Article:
Prizes generally were either a legitimate prize, cash, or a "zonk". Legitimate prizes ran the gamut of what was given away on game shows during the era (trips, fur coats, electronics, furniture, appliances, and cars). Zonks were unwanted booby prizes which could be anything from animals (usually farm animals such as horses, cattle, donkeys, mules, pigs, ducks, geese, "A Bucket O'Chicken" which was real chicken in a coop that was shaped like a bucket, sheep, llamas, goats, and rabbits) to large amounts of food (cabbage, pumpkins, and bananas) to something outlandish like a giant article of clothing, a room full of junked furniture, an old washer-and-dryer, an old gas station, a moose head, the "World's Largest Crying Towel," or a junked car. Sometimes zonks were legitimate prizes but of a low value such as "Matchbox" cars, wheelbarrows, T-shirts, small food or non-food grocery prizes, etc. Zonks are often demonstrated by the announcer, and legitimate prizes were modeled by the model (On the original series, Merrill would often help model the zonks). On rare occasions, a contestant would appear to get zonked, but the zonk would be a cover-up for a legitimate prize; for instance, the old washer and dryer having a pair of old jeans that had thousands of dollars in cash or a set of keys to a new car in one of the pockets.

Though usually considered joke prizes, contestants legally won the zonks.[1] However, after the taping of the show, any trader who had been zonked would be offered a consolation prize instead of having to take home the actual zonk. This is partly because some of the zonks were intrinsically impossible to receive or deliver to the contestants. For example, if a contestant won an animal, he or she could legally insist that it be awarded to him or her, but chances are that the contestant did not have the means to care for it. In fact, a disclaimer at the end of the credits of later 1970s episodes said, "Some traders accept reasonable duplicates of zonk prizes."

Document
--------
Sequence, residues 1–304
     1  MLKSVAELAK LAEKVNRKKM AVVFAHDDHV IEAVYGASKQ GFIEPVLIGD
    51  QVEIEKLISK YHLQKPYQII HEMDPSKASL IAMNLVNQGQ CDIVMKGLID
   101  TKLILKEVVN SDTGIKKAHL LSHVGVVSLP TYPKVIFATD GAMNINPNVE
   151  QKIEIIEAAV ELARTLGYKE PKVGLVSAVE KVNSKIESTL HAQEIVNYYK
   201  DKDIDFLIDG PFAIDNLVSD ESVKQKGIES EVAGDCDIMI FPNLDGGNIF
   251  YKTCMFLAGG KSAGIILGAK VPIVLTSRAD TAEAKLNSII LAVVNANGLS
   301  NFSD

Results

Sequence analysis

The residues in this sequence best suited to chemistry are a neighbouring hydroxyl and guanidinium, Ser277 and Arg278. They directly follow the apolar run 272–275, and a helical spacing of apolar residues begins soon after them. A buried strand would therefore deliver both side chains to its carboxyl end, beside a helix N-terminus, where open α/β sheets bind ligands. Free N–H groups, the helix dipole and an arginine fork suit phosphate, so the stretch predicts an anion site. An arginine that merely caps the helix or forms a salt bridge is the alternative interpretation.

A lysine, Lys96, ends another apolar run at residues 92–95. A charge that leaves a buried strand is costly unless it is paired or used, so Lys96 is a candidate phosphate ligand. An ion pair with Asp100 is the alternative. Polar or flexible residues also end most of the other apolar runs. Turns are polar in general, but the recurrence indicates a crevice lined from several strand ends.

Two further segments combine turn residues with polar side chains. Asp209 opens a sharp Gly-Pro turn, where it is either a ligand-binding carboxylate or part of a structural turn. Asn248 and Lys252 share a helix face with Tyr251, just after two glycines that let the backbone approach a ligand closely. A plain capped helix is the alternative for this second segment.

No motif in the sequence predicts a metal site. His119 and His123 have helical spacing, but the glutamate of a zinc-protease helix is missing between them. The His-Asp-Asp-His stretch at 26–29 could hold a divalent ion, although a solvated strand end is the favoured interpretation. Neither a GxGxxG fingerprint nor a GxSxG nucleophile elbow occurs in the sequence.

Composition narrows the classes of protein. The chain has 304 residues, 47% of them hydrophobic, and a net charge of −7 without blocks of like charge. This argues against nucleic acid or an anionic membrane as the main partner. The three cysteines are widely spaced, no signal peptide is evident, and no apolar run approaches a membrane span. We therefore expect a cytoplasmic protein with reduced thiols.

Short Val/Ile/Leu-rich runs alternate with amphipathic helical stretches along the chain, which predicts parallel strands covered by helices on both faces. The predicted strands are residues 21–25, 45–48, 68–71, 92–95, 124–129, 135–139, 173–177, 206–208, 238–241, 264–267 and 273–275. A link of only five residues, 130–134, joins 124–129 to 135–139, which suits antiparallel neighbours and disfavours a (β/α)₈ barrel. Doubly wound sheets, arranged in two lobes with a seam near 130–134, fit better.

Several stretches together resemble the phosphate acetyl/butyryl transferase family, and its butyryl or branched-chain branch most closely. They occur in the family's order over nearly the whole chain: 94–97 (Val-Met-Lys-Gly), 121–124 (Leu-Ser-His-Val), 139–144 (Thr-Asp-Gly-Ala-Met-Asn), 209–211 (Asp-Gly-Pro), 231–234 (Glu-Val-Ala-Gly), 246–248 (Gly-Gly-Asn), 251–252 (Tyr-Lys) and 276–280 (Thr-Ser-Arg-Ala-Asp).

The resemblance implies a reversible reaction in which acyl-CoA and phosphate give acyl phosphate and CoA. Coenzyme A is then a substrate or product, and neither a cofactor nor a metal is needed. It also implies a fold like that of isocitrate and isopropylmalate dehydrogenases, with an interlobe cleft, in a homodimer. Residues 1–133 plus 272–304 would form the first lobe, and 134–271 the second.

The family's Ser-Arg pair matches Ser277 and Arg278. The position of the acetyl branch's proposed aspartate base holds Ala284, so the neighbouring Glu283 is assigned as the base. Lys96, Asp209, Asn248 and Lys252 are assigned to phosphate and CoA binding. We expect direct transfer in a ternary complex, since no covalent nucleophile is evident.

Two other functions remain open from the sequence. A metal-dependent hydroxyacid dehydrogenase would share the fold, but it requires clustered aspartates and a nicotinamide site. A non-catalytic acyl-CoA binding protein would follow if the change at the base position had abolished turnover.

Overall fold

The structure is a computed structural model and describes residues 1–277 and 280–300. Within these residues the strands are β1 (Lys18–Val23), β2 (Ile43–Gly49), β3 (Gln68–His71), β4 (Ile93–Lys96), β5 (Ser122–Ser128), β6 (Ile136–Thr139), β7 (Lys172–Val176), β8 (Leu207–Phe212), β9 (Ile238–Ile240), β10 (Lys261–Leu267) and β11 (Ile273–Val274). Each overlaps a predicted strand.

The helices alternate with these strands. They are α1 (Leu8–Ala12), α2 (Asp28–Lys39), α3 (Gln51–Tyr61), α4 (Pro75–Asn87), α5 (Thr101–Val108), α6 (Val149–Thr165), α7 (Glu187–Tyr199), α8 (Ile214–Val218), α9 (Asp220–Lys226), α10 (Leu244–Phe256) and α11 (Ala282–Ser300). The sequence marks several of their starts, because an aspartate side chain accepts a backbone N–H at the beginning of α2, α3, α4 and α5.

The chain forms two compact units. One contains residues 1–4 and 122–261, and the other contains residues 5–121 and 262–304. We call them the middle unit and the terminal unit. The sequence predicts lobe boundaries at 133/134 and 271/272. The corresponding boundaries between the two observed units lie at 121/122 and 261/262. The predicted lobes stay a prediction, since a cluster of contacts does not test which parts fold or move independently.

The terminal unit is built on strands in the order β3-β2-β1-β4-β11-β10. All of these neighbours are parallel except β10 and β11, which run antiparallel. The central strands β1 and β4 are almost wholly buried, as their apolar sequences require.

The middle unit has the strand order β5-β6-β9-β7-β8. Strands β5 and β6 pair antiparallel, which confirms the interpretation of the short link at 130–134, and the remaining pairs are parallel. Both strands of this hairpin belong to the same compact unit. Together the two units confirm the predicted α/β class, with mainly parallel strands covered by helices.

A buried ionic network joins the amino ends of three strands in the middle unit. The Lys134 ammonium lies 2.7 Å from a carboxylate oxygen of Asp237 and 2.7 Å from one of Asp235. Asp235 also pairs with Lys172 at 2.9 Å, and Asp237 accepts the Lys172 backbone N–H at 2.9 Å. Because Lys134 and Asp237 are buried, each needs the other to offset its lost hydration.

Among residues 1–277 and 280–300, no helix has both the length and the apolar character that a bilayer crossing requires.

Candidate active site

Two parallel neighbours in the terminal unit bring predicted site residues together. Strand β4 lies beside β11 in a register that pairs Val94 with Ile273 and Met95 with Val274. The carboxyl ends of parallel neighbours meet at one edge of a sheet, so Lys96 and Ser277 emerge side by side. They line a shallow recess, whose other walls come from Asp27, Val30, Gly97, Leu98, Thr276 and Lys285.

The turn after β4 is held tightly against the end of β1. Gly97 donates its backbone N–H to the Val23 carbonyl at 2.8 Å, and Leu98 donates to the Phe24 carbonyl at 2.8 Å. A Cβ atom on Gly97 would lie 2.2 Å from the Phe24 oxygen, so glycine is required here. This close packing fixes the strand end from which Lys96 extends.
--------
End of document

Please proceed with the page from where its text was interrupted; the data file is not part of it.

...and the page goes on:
On some episodes, the first contestant(s) offered an unknown prize kept it for much of the show, not trading it in until the Big Deal.

In addition, as the end credits of the show rolled, it was typical for Hall to ask random members of the studio audience to participate in fast deals. In the current Wayne Brady version, these are often referred on the CBS version as "quickie deals", and are conducted by the host, announcer, and model each. CBS will post information on the show's Twitter address (@letsmakeadeal) days before taping to encourage audience members to carry and win additional cash for carrying such items. The deals were usually in the form of the following:

  • Offering cash to one person in the audience who had a certain item on them
  • Offering a small cash amount for each item of a certain quantity
  • Offering cash for each instance of a particular digit as it occurred in the serial number on a dollar bill, driver's license, etc.
  • Offering to pay the last check in the person's checkbook (up to a certain limit, usually $500 or $1,000) if they had one

One memorable incident from a series of fast deals involved Hall offering a woman $100 for every dime she had; she produced a roll of dimes. After that, there were limits placed on how much a trader could get.

Other deal formatsEdit

Deals were often more complicated than the basic format described above. Additionally, some deals took the form of games of chance, and others in the form of pricing games, similar to those used on The Price is Right: